Map your history, make new connections and gain insights for family, local or special interest projects

Visit the Streets of C18th London through the works of Rowlandson & Smith

Miseries of London

Trying to paint a picture of what life was like on the streets of our cities two, three, four hundred years ago and then try and personalise it in our own family or social history project is always difficult.

Detaching ourselves from the present, not allowing it to colour our view of the past is really really tricky.

    • We rely on imagery, whether, written or in picture form to help us. In this anniversary year of the birth of Charles Dickens it is apparent that the strength of Dicken’s stories do not neccessarily lie in the tale itself but his contemporary portrayl of a world we can only imagine.Read the stories and then apply it to your own family, living in those times and locations.
    • Pepys diary and the less well known books by Henry Mayhew create for us at this distance the same vivid picture

For all that is written though one of the most valuable resources are the engravings that reveal in minute detail life on the streets,  engravers such as John Thomas Smith whose work depicts London street life. A gallery of images collected as he scoured the streets of London, looking for the trivial, the gossip, the rawness, the reality of London life in the C18th.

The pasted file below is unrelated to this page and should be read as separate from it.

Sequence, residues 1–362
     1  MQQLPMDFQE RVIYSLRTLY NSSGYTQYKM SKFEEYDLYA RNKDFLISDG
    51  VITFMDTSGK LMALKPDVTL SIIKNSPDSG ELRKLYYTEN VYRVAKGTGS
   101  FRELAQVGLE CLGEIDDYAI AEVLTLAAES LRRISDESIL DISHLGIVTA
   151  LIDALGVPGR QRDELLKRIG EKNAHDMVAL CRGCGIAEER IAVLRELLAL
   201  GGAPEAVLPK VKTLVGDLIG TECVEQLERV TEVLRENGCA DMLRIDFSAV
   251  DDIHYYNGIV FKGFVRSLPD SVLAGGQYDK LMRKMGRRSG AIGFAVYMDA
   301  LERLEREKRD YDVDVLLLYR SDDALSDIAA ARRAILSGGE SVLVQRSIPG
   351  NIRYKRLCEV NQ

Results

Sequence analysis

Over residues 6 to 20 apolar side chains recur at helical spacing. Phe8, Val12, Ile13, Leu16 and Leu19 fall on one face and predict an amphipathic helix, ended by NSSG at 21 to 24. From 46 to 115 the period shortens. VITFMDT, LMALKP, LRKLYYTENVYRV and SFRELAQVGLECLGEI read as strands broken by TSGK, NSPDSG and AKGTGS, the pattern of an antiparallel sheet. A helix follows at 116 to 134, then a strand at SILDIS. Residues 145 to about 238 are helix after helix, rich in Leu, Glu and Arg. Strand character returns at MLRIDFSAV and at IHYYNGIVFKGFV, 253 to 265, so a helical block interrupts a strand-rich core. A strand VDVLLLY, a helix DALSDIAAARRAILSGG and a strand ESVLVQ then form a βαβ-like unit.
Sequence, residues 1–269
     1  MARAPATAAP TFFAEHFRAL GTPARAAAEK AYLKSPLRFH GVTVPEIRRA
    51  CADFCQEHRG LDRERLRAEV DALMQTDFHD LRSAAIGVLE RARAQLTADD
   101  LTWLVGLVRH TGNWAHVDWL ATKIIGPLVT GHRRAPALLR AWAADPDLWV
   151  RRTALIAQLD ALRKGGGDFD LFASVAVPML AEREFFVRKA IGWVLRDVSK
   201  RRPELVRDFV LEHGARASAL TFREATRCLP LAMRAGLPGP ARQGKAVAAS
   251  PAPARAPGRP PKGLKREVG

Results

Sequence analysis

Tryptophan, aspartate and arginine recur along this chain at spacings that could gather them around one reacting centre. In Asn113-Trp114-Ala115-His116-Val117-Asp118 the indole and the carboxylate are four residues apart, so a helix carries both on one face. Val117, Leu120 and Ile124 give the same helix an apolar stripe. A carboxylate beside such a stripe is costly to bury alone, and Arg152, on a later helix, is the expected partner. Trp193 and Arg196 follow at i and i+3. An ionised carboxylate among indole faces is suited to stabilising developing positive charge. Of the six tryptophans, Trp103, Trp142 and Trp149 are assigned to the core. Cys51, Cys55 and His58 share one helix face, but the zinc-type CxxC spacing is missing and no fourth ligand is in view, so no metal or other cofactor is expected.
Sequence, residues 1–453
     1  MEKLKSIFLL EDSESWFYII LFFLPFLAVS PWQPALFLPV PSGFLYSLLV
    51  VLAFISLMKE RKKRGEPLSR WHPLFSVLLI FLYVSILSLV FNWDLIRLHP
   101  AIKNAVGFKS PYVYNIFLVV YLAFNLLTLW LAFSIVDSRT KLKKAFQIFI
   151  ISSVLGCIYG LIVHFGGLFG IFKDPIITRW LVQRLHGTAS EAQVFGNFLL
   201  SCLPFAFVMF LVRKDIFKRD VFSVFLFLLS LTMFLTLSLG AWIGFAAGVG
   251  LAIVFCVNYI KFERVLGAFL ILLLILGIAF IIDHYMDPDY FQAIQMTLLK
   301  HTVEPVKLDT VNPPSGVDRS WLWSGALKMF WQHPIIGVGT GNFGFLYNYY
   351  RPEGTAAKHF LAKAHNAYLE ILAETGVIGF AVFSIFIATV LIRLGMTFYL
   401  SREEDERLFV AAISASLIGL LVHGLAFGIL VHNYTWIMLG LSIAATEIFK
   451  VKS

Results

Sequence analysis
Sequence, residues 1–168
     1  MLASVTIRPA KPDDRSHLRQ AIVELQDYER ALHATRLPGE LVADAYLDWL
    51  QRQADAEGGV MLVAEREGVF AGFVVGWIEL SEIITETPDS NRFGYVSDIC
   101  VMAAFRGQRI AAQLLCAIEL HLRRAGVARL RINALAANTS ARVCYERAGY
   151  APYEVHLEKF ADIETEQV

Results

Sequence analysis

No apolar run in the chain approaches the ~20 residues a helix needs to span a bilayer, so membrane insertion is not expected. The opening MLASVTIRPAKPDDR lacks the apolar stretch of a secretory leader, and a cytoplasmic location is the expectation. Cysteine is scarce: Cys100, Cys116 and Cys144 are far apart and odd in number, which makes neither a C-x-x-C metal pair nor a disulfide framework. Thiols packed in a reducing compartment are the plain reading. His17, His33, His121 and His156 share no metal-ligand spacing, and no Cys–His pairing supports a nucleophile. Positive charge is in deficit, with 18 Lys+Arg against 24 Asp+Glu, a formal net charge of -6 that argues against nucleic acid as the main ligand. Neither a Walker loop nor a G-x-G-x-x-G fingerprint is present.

The quite brilliant work of Thomas Rowlandson whose caricatures although sometimes cruel and sometimes lewd, are very revealing of life. Rowlandson, captured the brutal honesty of people on the street as they jostled for position both literally and figuratively. The work of Rowlandson can be viewed at the V & A.  It should come as no surprise that John Thomas Smith and Rowlandson were one time teacher / student and companions.

London street scenes can be found in every historical collection, C18th and C19th books, newspapers, pamphlets, galleries and in great collections such as the Bowles Collection in Tufts University.

We sometimes need to observe these images like a child does, taking time to extract as much of the story as possible because the detail is so great.

 

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